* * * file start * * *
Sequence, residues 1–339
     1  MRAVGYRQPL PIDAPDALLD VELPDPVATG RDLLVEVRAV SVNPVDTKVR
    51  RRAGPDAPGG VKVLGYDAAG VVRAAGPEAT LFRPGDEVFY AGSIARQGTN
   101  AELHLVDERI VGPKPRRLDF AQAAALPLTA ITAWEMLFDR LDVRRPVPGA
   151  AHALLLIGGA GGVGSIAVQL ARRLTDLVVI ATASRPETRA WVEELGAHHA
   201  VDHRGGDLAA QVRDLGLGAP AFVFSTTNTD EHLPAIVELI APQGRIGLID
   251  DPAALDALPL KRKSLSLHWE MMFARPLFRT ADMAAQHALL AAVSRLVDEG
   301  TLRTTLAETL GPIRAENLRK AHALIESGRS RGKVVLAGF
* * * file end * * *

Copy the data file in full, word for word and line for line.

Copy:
Sequence, residues 1–339
     1  MRAVGYRQPL PIDAPDALLD VELPDPVATG RDLLVEVRAV SVNPVDTKVR
    51  RRAGPDAPGG VKVLGYDAAG VVRAAGPEAT LFRPGDEVFY AGSIARQGTN
   101  AELHLVDERI VGPKPRRLDF AQAAALPLTA ITAWEMLFDR LDVRRPVPGA
   151  AHALLLIGGA GGVGSIAVQL ARRLTDLVVI ATASRPETRA WVEELGAHHA
   201  VDHRGGDLAA QVRDLGLGAP AFVFSTTNTD EHLPAIVELI APQGRIGLID
   251  DPAALDALPL KRKSLSLHWE MMFARPLFRT ADMAAQHALL AAVSRLVDEG
   301  TLRTTLAETL GPIRAENLRK AHALIESGRS RGKVVLAGF